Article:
When you run your own business, navigating the IRS' tax regulations can be a headache. And when your shares hit the stock market, you'll need to deal with the U.S. Securities and Exchange Commission (SEC) as well.
If you've been researching the forms you need to file as the owner of a business with publicly traded stock, you've likely seen forms 10-K and 20-F mentioned. But what is the difference between 20-F vs. 10-K, and are you required to file either one? You'll find the answers to your questions (and save yourself another hassle) up ahead.
Form 10-K provides a comprehensive overview of the company's business and financial condition and includes audited financial statements.
The deadline for filing Form 10-K depends on how much money your company makes. Once your fiscal year ends:
Non-accelerated filers (those making $75 million or less) will have 90 days to file.
Accelerated filers (those making more than $75 million but less than $700 million) will have 75 days to file.
Large accelerated filers (those making $700 million or more) will have 60 days to file.
Note that Form 10-K is different than the annual report to shareholders and typically contains more in-depth financial information. For instance, in addition to many other details, your 10-K form will need to include your company's:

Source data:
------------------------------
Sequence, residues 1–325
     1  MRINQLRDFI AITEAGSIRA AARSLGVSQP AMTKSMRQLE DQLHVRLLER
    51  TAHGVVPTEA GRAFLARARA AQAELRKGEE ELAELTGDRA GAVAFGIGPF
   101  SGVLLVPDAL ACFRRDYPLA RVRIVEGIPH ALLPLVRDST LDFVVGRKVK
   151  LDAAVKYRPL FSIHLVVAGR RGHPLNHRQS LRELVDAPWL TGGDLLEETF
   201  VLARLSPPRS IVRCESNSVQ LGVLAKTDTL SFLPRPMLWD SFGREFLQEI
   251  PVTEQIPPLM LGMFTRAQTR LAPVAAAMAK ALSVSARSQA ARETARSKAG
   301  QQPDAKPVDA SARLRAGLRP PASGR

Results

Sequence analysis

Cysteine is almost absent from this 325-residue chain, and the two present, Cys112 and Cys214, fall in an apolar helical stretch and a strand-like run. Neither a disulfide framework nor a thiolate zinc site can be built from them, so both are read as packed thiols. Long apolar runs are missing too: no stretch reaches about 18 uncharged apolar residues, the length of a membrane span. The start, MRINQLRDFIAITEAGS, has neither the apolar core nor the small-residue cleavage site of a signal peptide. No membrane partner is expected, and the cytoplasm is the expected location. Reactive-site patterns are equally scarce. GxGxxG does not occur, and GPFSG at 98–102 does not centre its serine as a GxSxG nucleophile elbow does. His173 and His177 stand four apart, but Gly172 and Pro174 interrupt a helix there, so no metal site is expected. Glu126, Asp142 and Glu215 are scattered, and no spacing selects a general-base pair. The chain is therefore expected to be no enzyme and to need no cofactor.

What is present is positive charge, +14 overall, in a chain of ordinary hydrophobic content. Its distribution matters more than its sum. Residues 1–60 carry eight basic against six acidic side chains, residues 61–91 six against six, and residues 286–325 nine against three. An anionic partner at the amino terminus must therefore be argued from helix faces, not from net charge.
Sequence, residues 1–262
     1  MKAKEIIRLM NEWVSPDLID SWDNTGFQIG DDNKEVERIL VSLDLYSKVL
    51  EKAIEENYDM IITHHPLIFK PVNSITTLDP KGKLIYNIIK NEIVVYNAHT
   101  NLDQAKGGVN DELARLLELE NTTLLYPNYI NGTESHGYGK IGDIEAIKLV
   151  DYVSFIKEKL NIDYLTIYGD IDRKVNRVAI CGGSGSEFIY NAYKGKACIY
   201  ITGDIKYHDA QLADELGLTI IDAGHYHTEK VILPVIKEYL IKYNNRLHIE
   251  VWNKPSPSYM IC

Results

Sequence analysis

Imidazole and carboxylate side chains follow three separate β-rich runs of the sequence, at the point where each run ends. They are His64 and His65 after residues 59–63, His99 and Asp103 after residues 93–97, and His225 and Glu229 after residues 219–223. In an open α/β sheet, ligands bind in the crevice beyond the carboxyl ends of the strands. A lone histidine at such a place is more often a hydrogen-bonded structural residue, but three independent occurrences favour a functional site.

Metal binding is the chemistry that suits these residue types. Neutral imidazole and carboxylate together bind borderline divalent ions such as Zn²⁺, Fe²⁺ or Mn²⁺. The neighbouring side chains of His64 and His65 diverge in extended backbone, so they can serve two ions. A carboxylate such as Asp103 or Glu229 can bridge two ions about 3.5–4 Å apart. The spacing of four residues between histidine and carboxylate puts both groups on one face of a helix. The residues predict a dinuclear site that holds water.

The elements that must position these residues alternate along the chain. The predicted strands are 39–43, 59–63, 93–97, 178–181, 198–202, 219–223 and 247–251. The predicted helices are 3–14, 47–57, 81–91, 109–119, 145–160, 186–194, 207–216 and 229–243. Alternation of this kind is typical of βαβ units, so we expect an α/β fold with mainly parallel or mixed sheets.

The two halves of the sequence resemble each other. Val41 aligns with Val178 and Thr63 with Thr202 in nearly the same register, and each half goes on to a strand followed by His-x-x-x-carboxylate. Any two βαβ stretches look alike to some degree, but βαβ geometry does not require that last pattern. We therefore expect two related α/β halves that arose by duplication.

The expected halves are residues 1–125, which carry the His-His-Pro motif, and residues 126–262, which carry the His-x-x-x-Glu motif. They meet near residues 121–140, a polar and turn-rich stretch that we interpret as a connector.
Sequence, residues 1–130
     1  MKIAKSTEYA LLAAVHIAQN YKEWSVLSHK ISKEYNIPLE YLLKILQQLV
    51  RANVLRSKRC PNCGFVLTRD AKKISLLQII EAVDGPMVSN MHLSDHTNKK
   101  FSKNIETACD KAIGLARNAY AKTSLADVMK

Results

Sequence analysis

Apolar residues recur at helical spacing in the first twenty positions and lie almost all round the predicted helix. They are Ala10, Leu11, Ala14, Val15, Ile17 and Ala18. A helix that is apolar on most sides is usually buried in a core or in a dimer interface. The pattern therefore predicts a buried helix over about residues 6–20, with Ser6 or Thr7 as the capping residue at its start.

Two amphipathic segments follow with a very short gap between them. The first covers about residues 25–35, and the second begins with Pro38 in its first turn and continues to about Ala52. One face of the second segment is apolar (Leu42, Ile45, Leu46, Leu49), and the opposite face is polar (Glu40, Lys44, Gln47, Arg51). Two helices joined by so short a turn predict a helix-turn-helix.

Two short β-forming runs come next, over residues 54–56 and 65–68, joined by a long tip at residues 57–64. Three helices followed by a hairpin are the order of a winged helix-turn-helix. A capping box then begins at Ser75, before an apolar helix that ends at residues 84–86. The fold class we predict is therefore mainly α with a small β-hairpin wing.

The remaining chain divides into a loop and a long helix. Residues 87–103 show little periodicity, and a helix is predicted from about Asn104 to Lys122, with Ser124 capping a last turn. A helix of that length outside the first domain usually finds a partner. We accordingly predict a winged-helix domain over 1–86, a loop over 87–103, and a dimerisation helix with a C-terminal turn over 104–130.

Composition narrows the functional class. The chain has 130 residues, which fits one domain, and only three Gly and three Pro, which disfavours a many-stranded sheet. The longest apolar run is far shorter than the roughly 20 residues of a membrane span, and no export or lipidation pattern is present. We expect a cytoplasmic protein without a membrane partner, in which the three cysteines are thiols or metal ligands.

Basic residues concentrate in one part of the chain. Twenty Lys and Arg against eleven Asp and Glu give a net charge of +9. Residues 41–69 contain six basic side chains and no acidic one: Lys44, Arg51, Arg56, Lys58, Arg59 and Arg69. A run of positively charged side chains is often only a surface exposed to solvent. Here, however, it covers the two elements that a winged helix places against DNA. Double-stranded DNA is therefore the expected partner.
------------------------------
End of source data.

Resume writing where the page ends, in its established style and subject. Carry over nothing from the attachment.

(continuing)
Market price of (and dividends on) common equity and related stockholder matters
Directors, Executive Officers, and Corporate Governance
Principal accountant fees and services
By filing Form 10-K, you'll be giving the SEC a detailed view of your company's performance, evolution and expenses for the most recent fiscal year. And even though you'll be sending Form 10-K to the SEC alone, it will be also be made available to the public.
Want to see real examples of other companies' 10-K filings? Head to the SEC's EDGAR database, search for any publicly traded company you'd like, open the company's profile, and click "10-K (annual reports)" under the "Selected Filings" section.
Carrie Buchholz-Powers is a Colorado-based writer who’s been creating content since 2013. From digital marketing to ecommerce to land conservation, she has experience in a wide range of fields and loves learning about them all. Carrie is fond of history, animals and beauty in equal measure. In her free time, she enjoys knitting, playing video games and exploring Colorado's prairies and mountains with her husband.